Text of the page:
As the father of two young girls, there is no greater joy for me than to see them smile and thrive. This is why I often remember former United Nations secretary-general Kofi Annan’s words: "There is no policy for progress more effective than the empowerment of women and girls. A nation that neglects its children, especially girls, is a nation that neglects its future and development." Given this truth, the Parekh-Vora Charitable Foundation has initiated a focus on two areas particularly important to girls: water and sanitation, and primary school education.
We could have chosen many areas of need to focus on, so why girls, why water and sanitation, and why education?
To begin with, we were struck by the numbers: globally, 2.5 billion people live without basic sanitation, while 768 million people lack access to safe water. Every day, 2,000 children die from water-related diseases. And each year, 60 million children are born into homes without access to safe water and sanitation. It's estimated that improvements in these areas alone could vastly improve health outcomes, increase productivity, and reduce healthcare costs — while increasing a country's gross domestic product (GDP) by anywhere from 2 percent to 7 percent. Girls are disproportionately affected by the water and sanitation crisis, given that they frequently miss school or drop out altogether because of a lack of a private toilet in school. Tens of thousands of other girls and women spend hours at a time walking for miles while carrying water on their heads that can weigh up to forty pounds. Simply put, access to water, sanitation, and hygiene enables women and girls to take control of their lives.
The numbers around education are equally alarming: 793 million people worldwide are illiterate. Once again, girls and women are disproportionately affected and account for two-thirds of all illiterate persons. In the developing world, an estimated 42 percent of girls are not enrolled in school, while more than 60 million primary school-aged children of both genders do not have access to education and likely will never learn to read or write. The numbers are confounding, not least because we know that even a few years of basic education empowers women and girls to take control of their lives. Educated women are healthier (an extra year of education for girls can reduce infant mortality by 5 percent to 10 percent) and earn more (an extra year of education boosts future wages by 20 percent). If every child were to receive an education, an estimated 171 million individuals would be lifted out of poverty.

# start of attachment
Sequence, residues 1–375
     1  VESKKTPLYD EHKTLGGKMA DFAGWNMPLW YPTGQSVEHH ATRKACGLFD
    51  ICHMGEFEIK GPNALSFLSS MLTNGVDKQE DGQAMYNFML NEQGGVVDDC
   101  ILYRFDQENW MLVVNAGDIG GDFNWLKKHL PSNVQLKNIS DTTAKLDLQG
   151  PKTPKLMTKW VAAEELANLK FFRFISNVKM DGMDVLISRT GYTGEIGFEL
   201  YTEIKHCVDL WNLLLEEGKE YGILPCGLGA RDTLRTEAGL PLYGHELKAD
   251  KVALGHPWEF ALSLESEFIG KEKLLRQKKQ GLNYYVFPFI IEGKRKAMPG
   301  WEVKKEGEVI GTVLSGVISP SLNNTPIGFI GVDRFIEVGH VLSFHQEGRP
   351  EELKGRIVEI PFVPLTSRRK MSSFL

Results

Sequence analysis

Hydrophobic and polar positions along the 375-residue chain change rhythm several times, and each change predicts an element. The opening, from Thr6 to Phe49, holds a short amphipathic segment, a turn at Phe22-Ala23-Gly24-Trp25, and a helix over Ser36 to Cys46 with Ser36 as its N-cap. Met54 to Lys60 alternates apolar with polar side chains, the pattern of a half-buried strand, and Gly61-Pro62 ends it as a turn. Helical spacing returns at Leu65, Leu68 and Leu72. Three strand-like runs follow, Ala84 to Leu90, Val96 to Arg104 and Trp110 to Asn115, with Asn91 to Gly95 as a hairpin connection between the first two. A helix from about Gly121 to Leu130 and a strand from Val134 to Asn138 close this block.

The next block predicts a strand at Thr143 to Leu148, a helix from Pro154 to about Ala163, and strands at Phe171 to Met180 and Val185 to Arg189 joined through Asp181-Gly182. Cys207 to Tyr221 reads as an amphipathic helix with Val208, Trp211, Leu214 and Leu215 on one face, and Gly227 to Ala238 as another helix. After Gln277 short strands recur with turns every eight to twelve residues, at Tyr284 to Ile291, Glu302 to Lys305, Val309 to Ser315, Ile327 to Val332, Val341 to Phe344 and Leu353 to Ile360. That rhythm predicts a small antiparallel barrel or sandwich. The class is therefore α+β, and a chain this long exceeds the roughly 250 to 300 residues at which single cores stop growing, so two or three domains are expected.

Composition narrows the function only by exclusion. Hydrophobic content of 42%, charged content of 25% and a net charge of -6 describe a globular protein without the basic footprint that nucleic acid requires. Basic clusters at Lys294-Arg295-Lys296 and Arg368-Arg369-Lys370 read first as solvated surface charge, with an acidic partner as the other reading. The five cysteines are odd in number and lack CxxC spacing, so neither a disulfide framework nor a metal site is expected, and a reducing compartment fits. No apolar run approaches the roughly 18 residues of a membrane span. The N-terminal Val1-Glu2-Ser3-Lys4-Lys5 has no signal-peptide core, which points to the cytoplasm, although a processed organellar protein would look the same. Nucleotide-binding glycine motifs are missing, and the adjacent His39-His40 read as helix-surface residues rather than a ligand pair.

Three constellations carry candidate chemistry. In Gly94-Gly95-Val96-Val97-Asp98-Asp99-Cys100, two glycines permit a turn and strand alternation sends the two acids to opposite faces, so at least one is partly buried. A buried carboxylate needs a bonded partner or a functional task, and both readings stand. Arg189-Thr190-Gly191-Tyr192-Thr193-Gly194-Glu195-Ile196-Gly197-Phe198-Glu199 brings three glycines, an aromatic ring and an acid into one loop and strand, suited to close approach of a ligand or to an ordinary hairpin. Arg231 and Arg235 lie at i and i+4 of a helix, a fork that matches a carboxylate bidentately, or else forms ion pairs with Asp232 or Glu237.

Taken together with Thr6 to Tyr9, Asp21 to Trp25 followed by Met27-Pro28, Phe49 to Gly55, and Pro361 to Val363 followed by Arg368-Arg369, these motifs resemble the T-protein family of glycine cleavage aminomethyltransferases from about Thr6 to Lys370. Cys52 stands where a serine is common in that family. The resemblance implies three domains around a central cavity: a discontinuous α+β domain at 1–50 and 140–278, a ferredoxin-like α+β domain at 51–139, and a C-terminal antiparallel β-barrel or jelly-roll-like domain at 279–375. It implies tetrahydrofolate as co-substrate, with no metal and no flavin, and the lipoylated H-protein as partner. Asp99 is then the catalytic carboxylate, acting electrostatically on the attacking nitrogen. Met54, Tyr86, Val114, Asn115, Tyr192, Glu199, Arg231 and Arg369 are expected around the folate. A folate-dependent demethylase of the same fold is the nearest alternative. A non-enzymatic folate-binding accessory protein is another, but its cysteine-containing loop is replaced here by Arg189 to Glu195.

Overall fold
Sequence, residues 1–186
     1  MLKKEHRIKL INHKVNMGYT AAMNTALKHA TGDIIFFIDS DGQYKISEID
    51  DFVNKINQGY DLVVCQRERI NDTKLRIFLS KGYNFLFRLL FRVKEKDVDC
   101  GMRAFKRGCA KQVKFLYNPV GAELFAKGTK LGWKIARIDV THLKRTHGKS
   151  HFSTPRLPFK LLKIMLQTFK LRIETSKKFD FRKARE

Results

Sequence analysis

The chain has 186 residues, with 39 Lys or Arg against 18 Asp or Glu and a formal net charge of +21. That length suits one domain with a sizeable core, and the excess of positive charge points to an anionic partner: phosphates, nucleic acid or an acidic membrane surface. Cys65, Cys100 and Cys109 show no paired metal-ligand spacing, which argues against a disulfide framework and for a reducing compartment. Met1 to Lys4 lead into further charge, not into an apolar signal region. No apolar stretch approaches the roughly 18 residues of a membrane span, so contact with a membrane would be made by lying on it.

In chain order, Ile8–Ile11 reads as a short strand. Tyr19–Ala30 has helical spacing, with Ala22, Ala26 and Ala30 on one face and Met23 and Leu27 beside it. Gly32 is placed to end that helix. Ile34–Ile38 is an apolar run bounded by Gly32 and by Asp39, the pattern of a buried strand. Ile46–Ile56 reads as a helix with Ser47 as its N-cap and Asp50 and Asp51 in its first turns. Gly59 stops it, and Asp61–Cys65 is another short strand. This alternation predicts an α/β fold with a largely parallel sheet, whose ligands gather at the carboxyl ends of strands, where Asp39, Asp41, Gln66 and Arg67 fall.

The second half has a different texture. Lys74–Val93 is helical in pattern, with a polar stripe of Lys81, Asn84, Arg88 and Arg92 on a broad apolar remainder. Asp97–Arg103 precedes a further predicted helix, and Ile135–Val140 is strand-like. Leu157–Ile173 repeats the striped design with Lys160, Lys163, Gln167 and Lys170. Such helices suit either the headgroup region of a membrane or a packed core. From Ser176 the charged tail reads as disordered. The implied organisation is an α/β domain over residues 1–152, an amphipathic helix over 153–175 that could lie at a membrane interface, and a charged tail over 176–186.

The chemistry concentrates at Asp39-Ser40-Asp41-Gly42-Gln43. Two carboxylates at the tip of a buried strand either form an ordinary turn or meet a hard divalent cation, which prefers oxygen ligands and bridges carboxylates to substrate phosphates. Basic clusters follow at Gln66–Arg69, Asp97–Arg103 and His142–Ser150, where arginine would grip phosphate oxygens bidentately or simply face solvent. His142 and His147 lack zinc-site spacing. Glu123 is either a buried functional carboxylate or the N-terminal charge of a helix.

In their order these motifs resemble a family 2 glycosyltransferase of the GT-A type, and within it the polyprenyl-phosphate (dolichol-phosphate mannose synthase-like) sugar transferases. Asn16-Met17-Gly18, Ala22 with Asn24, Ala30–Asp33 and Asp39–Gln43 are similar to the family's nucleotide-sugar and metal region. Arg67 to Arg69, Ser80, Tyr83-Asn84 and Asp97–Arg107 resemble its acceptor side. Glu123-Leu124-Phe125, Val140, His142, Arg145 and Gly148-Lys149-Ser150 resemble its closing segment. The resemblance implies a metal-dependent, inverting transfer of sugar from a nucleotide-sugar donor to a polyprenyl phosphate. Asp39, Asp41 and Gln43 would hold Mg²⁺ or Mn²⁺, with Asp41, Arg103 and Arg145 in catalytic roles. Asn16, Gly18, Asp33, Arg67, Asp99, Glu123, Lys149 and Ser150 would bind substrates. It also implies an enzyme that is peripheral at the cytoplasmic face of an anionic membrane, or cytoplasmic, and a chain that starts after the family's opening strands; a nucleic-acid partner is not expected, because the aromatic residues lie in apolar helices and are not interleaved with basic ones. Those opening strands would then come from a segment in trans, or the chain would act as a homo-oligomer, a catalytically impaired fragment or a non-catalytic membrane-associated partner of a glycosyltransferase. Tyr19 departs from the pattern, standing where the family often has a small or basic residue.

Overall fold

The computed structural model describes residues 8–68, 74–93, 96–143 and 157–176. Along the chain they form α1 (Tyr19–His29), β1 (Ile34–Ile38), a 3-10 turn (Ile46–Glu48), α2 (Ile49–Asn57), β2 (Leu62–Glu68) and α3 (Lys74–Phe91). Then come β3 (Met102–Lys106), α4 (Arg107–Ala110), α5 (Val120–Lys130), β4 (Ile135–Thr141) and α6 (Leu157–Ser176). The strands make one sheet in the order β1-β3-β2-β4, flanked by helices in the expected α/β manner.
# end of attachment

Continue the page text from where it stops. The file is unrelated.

As a foundation, we knew we wanted to fund initiatives that would have the greatest possible long-term impact for girls, and we knew we wanted to partner with nonprofit organizations that are making steady and significant progress in addressing these unfortunate statistics.
Our research led us to WaterAid and Room to Read, two organizations that partner with local leaders, government, and nongovernmental organizations, and that take measurement and evaluation seriously, monitoring both short-term progress and the long-term sustainability of their efforts.
Our research also led us to direct our gifts to regions and countries, such as India, where the need is greatest and our dollars will go the farthest. Through our partnership with WaterAid, the Parekh-Vora Charitable Foundation has proudly supported efforts to rehabilitate, repair, and test handpumps; support water, sanitation, and hygiene education in schools (particularly important for adolescent girls); and provide skills training so that local communities can better manage water, sanitation, and hygiene services.
Equally rewarding from our perspective has been our support for Room to Read's Girls' Education program, which is designed to boost the number of years girls spend in schools and improve the girl-friendliness of school environments. We have also supported the creation of a new library at a government primary school in rural India, along with training for librarians and teachers.
Our experience with these two organizations has been positive for several reasons. First, both WaterAid and Room to Read are deeply connected to the local communities in which they work. Second, both organizations take project monitoring and evaluation seriously, with excellent results. And third, both organizations provide regular updates from the field related to our financial contributions. In our minds, all three are essential for an investment in global development work to be effective, and we recommend that all donors think of them as critical prerequisites when selecting a nonprofit or nongovernmental organization with which to partner. As a father, I want all children to smile and thrive as my two girls do. By focusing on water and sanitation, and on primary school education, the Parekh-Vora Charitable Foundation hopes to do its small part in improving the lives of girls around the world.
Still, when it comes to water, toilets, and education services for girls, more attention from foundations and donors is urgently needed. The challenges are great, and now more than ever we believe it is imperative for nonprofit and nongovernmental organizations to collaborate and share ideas, strategies, and resources. The more we collaborate, the greater the impact our shared investments will have on populations in need — even as we reduce the amount lost to duplication and overlap. As Mahatma Gandhi said, "We must be the change we want to see in this world.”
(The views expressed in this post are Dr. Parekh's and do not necessarily represent the views of the U.S. Department of Health and Human Services.)
Dr. Anand K. Parekh is an adjunct assistant professor at the Johns Hopkins University School of Medicine and deputy assistant secretary for health in the U.S. Department of Health & Human Services. His family manages the Parekh-Vora Charitable Foundation.